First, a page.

State resumes weekly briefings as cases rise and feds send help to boost vaccinations

By: - July 8, 2021 4:04 pm

Dr. David Obert receives a Pfizer-BioNTech COVID-19 vaccination at University Medical Center in Las Vegas in December. (Photo by Ethan Miller/Getty Images)

Dr. David Obert receives a Pfizer-BioNTech COVID-19 vaccination at University Medical Center in Las Vegas in December. (Photo by Ethan Miller/Getty Images)

Additional federal resources to boost Nevada’s vaccination rates and reverse a surge in covid-19 cases will arrive next week, according to state officials.

The announcement was made Thursday as Nevada Health Response, the group set up by the governor to coordinate and disseminate information on covid mitigation efforts, resumed weekly calls to provide the public and media with updates. The weekly calls had ceased on May 26, back when cases were trending downward.

Gov. Steve Sisolak requested federal assistance from “surge response teams” announced by the White House last week. Candice McDaniel, an administrator with the Nevada Department of Health and Human Services, said Thursday the surge team would assist state and local partners with targeted outreach to unvaccinated people, as well as expanding vaccination and test sites.

Find a vaccination site at NVCovidFighter.com. Vaccines are safe, effective and free. They are available for anyone 12 and older.

Covid-19 hospitalization rates are rising in areas where vaccination rates are the lowest and steady in areas where vaccination rates are highest. Nevada officials called it the latest sign that all three available covid-19 vaccines are safe and effective, and they urged residents to begin or complete the inoculation process.

Nevada’s 14-day positivity rate currently sits at 8.2%. The increase is being driven by Clark County, where the test positivity rate is 9.2%. 

Clark County has also seen a significant increase in the number of covid hospitalizations. State officials said there were 180 confirmed covid hospitalizations in Clark on May 31. As of July 6, there were 422.

Despite the surge in hospitalizations, there has been no spike in deaths.

Officials said Nevada doesn’t have data on how many of those hospitalizations are unvaccinated people, but they pointed to national data from the CDC that suggests upwards of 99% of current covid hospitalizations and deaths are unvaccinated people.

In Clark County, 53% of eligible people have initiated the vaccine process and 44% have completed it.

Some rural counties have even lower vaccination rates and are reporting even higher test positivity rates.

For example, in Storey County, only 17% of eligible residents have begun the vaccination process and only 15% are fully vaccinated. That county currently has a test positivity rate of 18.2%.

Meanwhile, Washoe County and Carson City are leading the state in vaccination rates, with 61% of eligible residents having initiated the vaccination process and 56% having completed it. The region has a much lower case positivity rate (4.6%) and has seen no increase in hospitalizations.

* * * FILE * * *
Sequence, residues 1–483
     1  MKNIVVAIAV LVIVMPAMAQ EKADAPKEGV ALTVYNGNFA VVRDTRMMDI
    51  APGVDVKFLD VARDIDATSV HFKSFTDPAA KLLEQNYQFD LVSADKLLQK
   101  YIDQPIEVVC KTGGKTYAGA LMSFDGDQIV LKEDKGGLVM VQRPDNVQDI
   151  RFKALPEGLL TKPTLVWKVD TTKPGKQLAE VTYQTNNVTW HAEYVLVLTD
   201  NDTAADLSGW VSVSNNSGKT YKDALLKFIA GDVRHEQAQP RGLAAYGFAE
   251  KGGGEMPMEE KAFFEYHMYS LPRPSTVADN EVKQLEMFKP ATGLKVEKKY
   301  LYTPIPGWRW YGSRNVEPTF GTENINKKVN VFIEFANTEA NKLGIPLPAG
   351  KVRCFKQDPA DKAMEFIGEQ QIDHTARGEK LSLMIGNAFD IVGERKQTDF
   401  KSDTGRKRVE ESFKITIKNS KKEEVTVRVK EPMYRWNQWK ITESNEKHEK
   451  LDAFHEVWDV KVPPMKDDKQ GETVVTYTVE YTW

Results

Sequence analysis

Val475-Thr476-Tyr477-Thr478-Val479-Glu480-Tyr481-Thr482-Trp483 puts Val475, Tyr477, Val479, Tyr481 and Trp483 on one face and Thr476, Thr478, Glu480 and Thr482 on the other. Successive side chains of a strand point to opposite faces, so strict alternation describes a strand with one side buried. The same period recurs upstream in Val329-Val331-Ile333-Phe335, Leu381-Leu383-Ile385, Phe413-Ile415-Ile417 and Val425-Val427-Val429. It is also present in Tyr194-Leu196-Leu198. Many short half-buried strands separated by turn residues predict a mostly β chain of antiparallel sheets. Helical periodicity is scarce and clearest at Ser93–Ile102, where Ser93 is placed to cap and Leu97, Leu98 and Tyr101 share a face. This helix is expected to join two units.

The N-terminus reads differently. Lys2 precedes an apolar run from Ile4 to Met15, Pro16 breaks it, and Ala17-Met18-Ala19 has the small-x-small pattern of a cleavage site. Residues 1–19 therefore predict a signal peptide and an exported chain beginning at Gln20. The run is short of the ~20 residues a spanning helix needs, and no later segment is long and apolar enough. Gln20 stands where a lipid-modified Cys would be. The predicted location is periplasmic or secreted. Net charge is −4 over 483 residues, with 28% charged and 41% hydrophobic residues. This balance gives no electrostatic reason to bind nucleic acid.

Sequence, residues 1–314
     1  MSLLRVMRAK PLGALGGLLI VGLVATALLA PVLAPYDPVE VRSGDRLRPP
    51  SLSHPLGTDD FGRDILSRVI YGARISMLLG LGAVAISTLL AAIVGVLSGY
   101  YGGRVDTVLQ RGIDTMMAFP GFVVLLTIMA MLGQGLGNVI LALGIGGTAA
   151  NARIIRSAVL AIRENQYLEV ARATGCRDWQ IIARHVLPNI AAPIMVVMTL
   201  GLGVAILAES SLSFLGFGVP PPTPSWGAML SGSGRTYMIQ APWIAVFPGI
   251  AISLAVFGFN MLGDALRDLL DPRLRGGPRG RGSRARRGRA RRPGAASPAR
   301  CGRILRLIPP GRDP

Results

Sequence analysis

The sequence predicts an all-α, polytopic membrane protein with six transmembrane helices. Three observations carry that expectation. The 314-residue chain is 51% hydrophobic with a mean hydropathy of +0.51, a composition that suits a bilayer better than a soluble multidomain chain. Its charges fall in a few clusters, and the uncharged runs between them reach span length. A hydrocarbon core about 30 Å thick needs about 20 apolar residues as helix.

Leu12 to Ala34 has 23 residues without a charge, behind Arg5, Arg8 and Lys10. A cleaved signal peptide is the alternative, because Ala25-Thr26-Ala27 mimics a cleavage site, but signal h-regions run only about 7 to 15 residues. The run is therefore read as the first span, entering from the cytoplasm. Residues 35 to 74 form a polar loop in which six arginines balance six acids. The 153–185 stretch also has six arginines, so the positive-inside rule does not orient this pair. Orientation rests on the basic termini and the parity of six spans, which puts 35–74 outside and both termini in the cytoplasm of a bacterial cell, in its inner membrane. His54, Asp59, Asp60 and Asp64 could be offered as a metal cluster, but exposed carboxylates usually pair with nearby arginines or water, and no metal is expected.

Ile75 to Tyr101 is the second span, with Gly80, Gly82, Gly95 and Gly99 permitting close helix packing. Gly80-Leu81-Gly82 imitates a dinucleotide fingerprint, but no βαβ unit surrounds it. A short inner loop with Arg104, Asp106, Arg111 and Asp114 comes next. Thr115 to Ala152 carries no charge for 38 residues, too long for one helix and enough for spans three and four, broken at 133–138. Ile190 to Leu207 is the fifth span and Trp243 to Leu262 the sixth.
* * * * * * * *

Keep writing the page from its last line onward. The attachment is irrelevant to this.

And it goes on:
Officials said the state is looking to set up long-term vaccination and testing sites. Vaccines are available at a variety of locations, including neighborhood pharmacies and pop-up clinics being promoted by cities and counties.

McDaniels said “many more programs” are in the pipeline but was mostly scant on specifics.

Thursday also marked the announcement of the first round of “Vax Nevada Day” winners. The state is holding a lottery and giving away $5 million in cash and prizes. Entry into the lottery is automatic for anyone who received a vaccine in Nevada.

Officials hope the promotional event will encourage additional people to get themselves or their 12 to 17-year-olds vaccinated.


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April Corbin Girnus
April Corbin Girnus

April Corbin Girnus is an award-winning journalist with a decade of media experience. She has been a beat writer at Las Vegas Sun, a staff writer at LEO Weekly, web editor of Las Vegas Weekly and a blogger documenting North American bike share systems’ efforts to increase ridership in underserved communities. An occasional adjunct journalism professor, April steadfastly rejects the notion that journalism is a worthless major. Amid the Great Recession, she earned a B.A. in journalism from the University of Nevada Las Vegas, where she served as editor-in-chief of the student newspaper. She later earned an M.A. in media studies and a graduate certificate in media management from The New School for Public Engagement. A stickler about municipal boundary lines, April enjoys teaching people about unincorporated Clark County. She grew up in Sunrise Manor and currently resides in Paradise with her husband, two children and two mutts.